survey result: what's true about you

I have done some initial analysis of our silly little survey, friends, and the results are ASTOUNDING. (Actually they’re totally predictable, but I can hardly say that, can I?)

Would you like to know what they are? All righty! (May I have a drumroll please?)

You, dear reader, are, on average, a 31 year old woman who wants sex 5 times per week.

This is where you say, “Well, that’s not true for me.”

And indeed I can state quite definitively that it’s NOT true for you. In fact, no one was 31 years old.

Two of you were 32, and neither of you wanted sex 5 times per week; one of you 32 year old women scored as 3.5 times and week, and the other scored as 18 times a week. And two of you were 30 – one at 7 times per week and one at 3.5.

The point I want to illustrate is this: you can’t determine ANYTHING about an individual from the group average. The average describes is the GROUP and ONLY the group. When you hear an average, you don’t know anything about the individuals in the group.

That’s not precisely true. You could say, “There’s a 90% chance that a person who responded to the survey would ideally like to have sex somewhere between 1 and 10 times per week.” That would be true. Even for the people who want sex more than 10 times a week or fewer than 1 time a week, it’s still true that they had a 90% chance of wanting sex 1 to 10 times per week. Just because you happen to be in the 10% for whom it wasn’t the case doesn’t make you less a part of the group, and 90% of the group wanted it 1-10 times a week.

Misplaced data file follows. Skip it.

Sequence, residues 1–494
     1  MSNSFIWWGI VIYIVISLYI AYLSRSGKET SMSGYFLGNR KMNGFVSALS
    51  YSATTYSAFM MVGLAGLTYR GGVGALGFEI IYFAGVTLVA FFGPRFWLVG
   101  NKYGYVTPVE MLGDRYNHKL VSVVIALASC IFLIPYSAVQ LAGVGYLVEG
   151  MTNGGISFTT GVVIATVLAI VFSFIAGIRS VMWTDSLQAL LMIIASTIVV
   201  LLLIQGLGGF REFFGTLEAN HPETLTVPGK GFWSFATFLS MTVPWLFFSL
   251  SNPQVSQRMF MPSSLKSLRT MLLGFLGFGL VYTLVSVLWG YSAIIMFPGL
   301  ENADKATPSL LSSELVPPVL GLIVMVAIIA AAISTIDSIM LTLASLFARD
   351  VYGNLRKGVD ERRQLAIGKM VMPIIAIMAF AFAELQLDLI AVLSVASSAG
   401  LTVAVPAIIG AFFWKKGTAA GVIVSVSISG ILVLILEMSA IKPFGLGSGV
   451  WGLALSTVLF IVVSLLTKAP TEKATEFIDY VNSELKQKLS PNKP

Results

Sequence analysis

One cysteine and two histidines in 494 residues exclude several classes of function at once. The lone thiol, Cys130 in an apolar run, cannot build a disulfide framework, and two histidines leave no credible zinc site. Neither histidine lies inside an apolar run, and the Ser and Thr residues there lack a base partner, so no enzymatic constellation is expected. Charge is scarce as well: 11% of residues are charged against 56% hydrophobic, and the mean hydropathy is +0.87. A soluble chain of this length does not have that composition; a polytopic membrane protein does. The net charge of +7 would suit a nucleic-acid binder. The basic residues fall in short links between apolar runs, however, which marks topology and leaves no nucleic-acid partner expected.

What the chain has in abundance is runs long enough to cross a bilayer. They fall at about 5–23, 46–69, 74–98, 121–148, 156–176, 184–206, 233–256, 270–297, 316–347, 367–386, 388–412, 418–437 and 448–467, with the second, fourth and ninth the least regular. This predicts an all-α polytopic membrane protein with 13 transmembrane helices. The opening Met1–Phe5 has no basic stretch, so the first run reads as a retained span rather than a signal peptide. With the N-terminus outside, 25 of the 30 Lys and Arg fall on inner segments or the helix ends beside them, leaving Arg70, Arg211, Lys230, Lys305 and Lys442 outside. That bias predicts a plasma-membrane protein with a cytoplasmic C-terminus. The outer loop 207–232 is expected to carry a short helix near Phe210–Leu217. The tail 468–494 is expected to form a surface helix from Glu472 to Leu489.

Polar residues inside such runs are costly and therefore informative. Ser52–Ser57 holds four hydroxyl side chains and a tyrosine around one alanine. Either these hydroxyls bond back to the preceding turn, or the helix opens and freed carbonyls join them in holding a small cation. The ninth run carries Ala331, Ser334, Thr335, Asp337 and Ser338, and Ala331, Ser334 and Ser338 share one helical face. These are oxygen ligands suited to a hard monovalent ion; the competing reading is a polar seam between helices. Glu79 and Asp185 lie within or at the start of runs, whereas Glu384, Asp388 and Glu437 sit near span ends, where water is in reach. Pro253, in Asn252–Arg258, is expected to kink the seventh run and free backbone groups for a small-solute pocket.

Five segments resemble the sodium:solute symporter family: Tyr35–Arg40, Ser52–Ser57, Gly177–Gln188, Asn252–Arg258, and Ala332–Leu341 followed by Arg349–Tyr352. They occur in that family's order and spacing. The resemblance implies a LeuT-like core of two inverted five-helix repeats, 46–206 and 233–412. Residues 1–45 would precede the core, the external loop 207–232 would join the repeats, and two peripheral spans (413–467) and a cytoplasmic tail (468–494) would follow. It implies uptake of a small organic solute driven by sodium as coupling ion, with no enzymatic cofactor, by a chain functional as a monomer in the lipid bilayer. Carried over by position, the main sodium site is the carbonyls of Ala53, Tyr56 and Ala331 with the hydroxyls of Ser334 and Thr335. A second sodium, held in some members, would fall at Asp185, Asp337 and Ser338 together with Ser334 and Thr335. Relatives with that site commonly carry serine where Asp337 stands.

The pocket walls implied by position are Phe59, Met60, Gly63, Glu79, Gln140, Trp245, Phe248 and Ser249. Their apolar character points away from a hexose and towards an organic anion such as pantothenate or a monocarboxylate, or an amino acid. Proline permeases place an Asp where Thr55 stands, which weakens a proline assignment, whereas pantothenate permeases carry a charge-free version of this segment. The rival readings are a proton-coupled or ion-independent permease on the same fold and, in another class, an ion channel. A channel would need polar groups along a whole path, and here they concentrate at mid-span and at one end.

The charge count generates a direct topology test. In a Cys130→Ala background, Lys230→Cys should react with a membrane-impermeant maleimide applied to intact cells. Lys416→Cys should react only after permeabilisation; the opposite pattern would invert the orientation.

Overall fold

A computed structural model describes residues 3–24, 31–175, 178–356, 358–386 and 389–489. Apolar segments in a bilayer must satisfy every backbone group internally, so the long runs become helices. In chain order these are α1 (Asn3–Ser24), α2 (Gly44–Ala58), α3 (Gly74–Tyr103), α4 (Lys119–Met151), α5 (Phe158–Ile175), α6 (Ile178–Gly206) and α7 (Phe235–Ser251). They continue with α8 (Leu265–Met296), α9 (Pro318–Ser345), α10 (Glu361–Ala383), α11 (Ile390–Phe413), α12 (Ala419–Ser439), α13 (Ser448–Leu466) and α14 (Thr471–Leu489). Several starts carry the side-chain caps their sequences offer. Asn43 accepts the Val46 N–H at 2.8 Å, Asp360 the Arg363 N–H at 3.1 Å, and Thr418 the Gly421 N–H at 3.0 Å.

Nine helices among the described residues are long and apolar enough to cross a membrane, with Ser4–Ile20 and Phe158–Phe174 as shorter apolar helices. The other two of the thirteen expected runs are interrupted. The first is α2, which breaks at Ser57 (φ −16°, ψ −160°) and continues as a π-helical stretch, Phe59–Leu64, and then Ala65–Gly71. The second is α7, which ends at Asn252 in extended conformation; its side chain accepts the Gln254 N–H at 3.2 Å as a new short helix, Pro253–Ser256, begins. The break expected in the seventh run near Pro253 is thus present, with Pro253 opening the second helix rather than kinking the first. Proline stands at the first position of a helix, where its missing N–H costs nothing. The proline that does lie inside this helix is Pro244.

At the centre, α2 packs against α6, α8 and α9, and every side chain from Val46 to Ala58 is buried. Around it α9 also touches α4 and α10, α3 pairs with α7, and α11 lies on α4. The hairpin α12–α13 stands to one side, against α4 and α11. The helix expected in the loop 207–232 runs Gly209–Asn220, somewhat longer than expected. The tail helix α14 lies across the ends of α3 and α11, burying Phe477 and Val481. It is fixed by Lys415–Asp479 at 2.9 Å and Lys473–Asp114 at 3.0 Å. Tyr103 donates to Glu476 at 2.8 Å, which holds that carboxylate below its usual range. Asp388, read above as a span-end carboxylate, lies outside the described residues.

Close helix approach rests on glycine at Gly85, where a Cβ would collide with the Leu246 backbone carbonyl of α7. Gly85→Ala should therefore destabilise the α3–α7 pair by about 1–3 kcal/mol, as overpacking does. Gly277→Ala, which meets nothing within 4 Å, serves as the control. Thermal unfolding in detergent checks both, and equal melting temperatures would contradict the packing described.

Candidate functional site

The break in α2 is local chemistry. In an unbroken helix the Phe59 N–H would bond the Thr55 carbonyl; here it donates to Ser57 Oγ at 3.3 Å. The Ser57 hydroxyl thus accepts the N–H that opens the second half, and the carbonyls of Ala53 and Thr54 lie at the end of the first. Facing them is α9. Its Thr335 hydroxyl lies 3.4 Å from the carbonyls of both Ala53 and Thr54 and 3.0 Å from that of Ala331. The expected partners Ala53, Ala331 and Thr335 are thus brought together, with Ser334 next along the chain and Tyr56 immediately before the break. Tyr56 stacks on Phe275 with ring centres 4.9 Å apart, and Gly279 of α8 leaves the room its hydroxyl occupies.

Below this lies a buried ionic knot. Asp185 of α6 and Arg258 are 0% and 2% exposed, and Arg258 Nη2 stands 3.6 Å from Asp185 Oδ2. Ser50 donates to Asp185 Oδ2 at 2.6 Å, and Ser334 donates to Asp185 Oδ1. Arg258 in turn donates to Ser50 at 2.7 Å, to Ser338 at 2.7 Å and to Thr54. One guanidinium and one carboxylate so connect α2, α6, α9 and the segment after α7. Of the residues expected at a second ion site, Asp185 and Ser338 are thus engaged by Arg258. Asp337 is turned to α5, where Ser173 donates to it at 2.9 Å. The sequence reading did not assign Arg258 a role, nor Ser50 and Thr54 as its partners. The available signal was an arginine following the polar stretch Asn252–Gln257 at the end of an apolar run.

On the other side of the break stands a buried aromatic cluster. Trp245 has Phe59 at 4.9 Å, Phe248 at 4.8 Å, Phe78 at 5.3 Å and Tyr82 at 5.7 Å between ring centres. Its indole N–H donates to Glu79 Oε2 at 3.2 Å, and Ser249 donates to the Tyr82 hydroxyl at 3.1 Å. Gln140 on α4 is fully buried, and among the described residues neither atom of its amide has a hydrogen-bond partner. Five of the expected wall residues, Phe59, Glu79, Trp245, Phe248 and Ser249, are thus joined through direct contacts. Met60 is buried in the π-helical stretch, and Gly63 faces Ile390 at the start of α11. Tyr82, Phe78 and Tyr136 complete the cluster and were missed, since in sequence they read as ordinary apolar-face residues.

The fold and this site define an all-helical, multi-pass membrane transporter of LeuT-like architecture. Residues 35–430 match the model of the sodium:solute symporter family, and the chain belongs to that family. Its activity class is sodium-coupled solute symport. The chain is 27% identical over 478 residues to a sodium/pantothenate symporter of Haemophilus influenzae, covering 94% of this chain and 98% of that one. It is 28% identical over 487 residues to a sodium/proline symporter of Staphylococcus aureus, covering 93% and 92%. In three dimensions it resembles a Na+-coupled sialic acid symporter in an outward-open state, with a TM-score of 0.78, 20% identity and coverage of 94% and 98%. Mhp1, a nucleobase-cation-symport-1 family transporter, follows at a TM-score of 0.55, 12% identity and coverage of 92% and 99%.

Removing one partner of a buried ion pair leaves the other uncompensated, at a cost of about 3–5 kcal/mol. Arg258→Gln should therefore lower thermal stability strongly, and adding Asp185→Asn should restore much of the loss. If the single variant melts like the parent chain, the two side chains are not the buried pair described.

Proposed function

But have you learned anything interesting or, more to the point, useful, about a person when you say they have a 90% chance of wanting sex 1-10 times per week? No. 1-10 is a gigantic range, and there’s a 10% chance even THAT huge range isn’t right for the individual.

An average – in this case, I’ve reported the median – is not intended to be descriptive of individuals. When people talk about averages, they’re not talking about individuals. They’re describing a group.

I want you all to remember this. I want you all to lock it away in your hearts and carry it with you always. And most of all I want you never again to say, “But that isn’t true for me!” when you see an average. Of course it isn’t true for you. It’s not intended to be true about ANYONE. It’s only intended to be true of the group.

This is one of the few ways in which your responses paralleled national representative samples: the distribution was profoundly skewed. A very small number of people reported wanting a whole, whole lot of sex, while most folks were piled up over on one side. Distributions of numbers of sex partners follow the same pattern.

When the distribution is skewed like this, if I tell you the MEAN, I’d be giving you a falsely high number. The median gives a more representative number.

More representative, I hasten to repeat, of the GROUP. Not of any individual in the group.